Whereas Joe Johnston’s Jumanji was defined by belligerent special effects of both the computer-animated (vicious monkeys, charging rhinos) and human (a hyperactive Robin Williams) variety, Jon Favreau’s Zathura—a similar board game-come-to-life fairy tale based on a Chris Van Allsburg book—mercifully relies only on the former. Which isn’t to say that this bludgeoning, episodic sci-fi saga isn’t still swarming with cacophonous explosions and creatures. Rather, it’s simply that, without any marquee personalities (save for a brief turn by a reserved Tim Robbins) around to devour the scenery, the film makes time amid its meteor showers and alien attacks to root itself in the small-scale drama between Walter (Josh Hutcherson) and younger brother Danny (Jonah Bobo), two boys struggling to come to terms with their parents’ divorce. Left alone on a Saturday afternoon by their dad (Robbins), Walter and Danny find themselves engulfed in a cosmic adventure when Danny begins playing the titular board game, a rickety creation of wind-up keys, spinning number counters, and mechanized playing pieces that magically launches their house into the atmosphere. Delivering a cornucopia of outer space sights designed with retro ‘50s-era style (including a Forbidden Planet-ish defective robot), Zathura functions much like its board game namesake, its forward motion a step-by-step progression through predictably scheduled frantic encounters with extraterrestrials and a wayward astronaut (Dax Shepard). Favreau balances astonishing spectacle with the push-pull argumentativeness of his pint-sized protagonists, and the early earthbound bickering between the kids—facilitated by the filmmaker’s assured direction and his stars’ convincing rapport—has a contentious credibility. Unfortunately, beholden to set-piece extravagance above all else, the film quickly finds itself adrift in turgid CG exhibitionism. The appeal of Van Allsburg’s story hinges on exploiting the childhood fantasy of “entering” a board game, and yet by succumbing to prosaic literal visualizations of out-of-this-world fantasticalities, Favreau’s cinematic adaptation devolves into a familiar, unimaginative real-life cartoon. And thus aside from Walter and Danny’s provocatively dressed, hot-to-trot older sister Lisa (Kristen Stewart, successfully obliterating her Panic Room tomboyishness), Zathura ultimately comes across as little more than the template for an eventual kiddie-friendly theme park attraction.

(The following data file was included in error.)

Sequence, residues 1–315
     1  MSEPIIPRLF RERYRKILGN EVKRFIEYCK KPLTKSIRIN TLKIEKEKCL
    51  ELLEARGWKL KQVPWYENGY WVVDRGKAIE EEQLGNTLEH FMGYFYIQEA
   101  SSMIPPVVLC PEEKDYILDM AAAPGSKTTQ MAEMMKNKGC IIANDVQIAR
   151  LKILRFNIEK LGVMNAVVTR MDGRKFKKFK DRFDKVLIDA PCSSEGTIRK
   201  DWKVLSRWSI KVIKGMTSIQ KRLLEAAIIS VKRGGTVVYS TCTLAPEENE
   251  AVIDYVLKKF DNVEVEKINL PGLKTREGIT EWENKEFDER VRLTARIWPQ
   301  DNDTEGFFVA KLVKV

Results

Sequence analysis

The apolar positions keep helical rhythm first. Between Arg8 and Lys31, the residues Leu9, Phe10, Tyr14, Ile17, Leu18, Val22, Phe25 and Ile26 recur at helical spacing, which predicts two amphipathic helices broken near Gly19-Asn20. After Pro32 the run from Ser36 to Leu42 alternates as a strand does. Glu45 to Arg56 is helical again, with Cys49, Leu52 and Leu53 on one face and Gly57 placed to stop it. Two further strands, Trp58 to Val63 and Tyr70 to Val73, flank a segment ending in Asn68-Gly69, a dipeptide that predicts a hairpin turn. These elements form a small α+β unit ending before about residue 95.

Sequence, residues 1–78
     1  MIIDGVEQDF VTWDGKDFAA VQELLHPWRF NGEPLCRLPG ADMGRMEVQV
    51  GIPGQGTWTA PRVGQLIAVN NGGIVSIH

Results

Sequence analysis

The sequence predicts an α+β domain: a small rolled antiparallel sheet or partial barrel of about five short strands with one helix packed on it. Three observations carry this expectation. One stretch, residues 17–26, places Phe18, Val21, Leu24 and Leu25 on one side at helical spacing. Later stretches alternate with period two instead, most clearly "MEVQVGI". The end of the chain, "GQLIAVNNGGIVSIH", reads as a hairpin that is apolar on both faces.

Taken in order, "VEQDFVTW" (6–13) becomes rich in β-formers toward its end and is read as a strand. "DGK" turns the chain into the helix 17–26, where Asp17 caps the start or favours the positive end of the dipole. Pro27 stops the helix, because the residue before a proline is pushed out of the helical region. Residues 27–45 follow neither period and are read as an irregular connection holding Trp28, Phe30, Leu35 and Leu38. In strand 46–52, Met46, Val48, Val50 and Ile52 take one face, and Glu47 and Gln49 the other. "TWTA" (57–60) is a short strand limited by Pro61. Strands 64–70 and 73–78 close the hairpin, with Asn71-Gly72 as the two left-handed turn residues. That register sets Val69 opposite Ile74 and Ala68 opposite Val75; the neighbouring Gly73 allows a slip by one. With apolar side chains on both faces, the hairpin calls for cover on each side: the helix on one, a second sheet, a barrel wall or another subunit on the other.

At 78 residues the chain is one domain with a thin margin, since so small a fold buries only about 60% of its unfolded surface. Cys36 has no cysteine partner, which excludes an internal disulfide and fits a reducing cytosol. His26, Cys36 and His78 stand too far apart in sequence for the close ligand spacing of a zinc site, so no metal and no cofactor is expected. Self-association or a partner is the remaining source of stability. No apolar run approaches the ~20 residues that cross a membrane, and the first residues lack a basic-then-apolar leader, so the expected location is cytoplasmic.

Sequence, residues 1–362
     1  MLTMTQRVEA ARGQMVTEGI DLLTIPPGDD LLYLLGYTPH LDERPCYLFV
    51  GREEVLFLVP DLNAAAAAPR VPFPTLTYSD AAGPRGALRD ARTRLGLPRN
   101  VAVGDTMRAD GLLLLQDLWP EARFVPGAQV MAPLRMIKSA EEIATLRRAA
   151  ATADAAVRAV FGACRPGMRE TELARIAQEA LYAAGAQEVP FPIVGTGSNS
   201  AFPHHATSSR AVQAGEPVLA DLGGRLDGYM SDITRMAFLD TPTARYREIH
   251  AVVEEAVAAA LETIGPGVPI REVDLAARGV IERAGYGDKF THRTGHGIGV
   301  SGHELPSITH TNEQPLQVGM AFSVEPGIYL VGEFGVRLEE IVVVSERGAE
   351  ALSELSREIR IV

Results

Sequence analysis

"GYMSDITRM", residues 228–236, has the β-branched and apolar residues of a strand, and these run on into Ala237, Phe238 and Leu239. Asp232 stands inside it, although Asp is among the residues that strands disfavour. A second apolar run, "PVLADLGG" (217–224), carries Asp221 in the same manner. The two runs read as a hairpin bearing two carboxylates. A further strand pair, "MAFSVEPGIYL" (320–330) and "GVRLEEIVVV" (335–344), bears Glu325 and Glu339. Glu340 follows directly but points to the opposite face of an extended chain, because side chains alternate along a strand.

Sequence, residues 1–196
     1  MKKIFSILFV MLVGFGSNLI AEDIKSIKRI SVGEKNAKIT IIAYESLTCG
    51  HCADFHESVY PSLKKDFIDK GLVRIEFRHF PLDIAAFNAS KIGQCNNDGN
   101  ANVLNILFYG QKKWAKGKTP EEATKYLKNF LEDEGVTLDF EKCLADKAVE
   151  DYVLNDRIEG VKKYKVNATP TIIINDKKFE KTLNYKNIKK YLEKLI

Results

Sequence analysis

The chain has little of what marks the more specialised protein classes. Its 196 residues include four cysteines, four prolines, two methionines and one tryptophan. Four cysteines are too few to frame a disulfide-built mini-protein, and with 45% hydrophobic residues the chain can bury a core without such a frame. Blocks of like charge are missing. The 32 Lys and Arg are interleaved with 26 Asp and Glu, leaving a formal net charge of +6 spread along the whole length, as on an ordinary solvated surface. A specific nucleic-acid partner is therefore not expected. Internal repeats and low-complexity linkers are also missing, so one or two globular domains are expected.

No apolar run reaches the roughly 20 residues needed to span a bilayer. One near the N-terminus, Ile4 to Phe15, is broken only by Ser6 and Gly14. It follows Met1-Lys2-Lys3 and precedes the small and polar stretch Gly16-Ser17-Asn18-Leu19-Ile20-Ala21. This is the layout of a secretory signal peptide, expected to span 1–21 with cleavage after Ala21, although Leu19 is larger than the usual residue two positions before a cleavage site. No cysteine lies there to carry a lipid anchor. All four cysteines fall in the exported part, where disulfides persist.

- Jon Favreau
- David Koepp, John Kamps
- Jonah Bobo, Josh Hutcherson, Dax Shepard, Kristen Stewart, Tim Robbins, Frank Oz
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